Court Sets June 19 Hearing on Restraining Order for Bolton’s Book

June 18, 2020 Updated: June 18, 2020

A federal judge has scheduled a hearing on the Trump administration’s request for a temporary restraining order against the publication of a book by former national security adviser John Bolton.

Judge Royce Lamberth scheduled the hearing for the early afternoon of June 19, less than a week before Bolton’s book is scheduled to hit store shelves on June 23.

The government filed an emergency motion (pdf) on June 17 seeking to delay the release of the book because it contains classified information. The 500-page volume contains government secrets classified at the highest level, including information that Bolton personally classified during his 17 months at the White House, according to the government’s complaint.

The book had already been printed, bound, and sent to stores as of early June. Copies have already been distributed to media outlets, according to reports.

Bolton signed a book deal with Simon & Schuster reportedly worth $2 million in early November 2019, two months after President Donald Trump fired him. Bolton and the National Security Council were going through a monthslong classification review process until June 7, when the White House learned through media reports that Bolton was going to make the book available to the public on June 23, with or without White House approval.

The White House filed a lawsuit (pdf) on June 16 alleging that the book contains “significant quantities of classified information” and asking the judge to order Bolton to abide by his government contract and complete the classification review.

The subsequent motion for a restraining order includes declarations affirming that the book contains classified information from some of the top U.S. intelligence officials, including Director of National Intelligence John Ratcliffe, Director of the National Security Agency Paul Nakasone, Director of the National Counterintelligence and Security Center William Evanina, and National Security Council’s Senior Director for Intelligence Programs Michael Ellis.

The book, titled “The Room Where It Happened,” includes allegations about Trump that Bolton based on his time at the White House. Trump, the White House, and several top administration officials have vehemently refuted the claims.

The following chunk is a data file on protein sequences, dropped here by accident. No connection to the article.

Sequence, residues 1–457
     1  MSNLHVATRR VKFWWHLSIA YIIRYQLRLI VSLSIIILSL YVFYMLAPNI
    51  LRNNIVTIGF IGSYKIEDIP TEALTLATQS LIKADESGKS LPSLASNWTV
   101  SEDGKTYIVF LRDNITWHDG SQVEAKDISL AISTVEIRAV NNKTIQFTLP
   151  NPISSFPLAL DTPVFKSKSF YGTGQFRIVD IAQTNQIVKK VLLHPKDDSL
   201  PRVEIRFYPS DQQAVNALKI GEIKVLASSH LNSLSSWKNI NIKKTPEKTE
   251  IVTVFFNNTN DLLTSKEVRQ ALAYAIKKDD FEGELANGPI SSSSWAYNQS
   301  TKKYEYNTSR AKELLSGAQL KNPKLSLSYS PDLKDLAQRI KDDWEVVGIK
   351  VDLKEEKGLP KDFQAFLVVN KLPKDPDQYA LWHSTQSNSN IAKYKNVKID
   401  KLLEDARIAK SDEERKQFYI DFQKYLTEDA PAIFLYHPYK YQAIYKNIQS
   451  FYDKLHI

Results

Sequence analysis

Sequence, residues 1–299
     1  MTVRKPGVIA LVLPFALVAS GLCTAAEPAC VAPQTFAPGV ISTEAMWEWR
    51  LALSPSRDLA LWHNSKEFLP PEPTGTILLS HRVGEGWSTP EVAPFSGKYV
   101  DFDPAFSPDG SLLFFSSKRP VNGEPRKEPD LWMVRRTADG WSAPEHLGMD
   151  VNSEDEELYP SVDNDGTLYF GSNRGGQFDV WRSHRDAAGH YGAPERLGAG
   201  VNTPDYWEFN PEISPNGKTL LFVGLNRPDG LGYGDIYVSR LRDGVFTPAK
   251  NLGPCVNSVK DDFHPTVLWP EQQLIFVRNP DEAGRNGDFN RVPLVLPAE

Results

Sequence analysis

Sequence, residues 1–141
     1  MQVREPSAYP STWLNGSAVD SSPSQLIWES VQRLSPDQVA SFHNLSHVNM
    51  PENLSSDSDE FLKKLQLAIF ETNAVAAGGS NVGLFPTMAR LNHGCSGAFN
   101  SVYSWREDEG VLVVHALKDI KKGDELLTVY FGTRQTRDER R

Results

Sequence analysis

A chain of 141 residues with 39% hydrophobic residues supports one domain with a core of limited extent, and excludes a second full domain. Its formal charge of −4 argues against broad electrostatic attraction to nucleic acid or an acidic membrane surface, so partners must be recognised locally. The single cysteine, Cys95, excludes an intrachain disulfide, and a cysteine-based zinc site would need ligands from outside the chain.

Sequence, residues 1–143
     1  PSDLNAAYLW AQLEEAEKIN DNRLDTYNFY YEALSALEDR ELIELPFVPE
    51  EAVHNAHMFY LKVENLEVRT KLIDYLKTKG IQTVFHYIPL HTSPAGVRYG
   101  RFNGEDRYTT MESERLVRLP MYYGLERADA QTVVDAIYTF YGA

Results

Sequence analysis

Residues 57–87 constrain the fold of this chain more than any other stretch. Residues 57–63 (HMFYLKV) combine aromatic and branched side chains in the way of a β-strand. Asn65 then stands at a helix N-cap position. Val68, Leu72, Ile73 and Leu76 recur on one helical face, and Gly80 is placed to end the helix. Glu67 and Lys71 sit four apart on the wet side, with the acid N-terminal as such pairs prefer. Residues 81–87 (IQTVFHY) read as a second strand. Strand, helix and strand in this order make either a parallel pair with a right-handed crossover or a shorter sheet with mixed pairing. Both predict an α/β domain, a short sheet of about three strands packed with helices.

“Bolton’s book, which is getting terrible reviews, is a compilation of lies and made up stories, all intended to make me look bad,” Trump wrote on Twitter on June 18. “Many of the ridiculous statements he attributes to me were never made, pure fiction. Just trying to get even for firing him like the sick puppy he is!”

Bolton didn’t issue a public statement in response to the lawsuit or Trump’s criticism, instead pointing his followers on Twitter to a pair of statements from liberal nonprofits.

“50 years ago, SCOTUS rejected the Nixon administration’s attempt to block the publication of the Pentagon Papers, establishing that government censorship is unconstitutional,” the American Civil Liberties Union wrote on Twitter. “Any Trump administration efforts to stop John Bolton’s book from being published are doomed to fail.”

According to media reports, the book paints Trump as “reckless,” “corrupt,” and “poorly informed.” Trump responded to the reports about the book’s contents, calling Bolton “a disgruntled boring fool who only wanted to go to war.”

The book reportedly claims that Bolton was a first-hand witness to a conversation about Ukraine that served as the core allegation of the impeachment proceedings against the president. The Senate found Trump not guilty of all the impeachment charges brought by the House. Bolton declined to testify during the impeachment.

In addition to seeking a restraining order against the book’s release, the government’s motion calls on the court to set up a trust that would account for all of the profits generated from the book. Bolton signed a contract as part of his employment agreeing to “assign to the United States Government all royalties, remunerations, and emoluments that have resulted, will result or may result from any disclosure, publication, or revelation of classified information not consistent with the terms,” according to the court documents.

The government further argues that Bolton is knowingly disclosing classified information to enrich himself.

“A National Security Advisor to a sitting President possesses national security information like few others. Were such a person to offer such information for sale to foreign governments, all would readily acknowledge the wrongdoing involved,” the government motion states.

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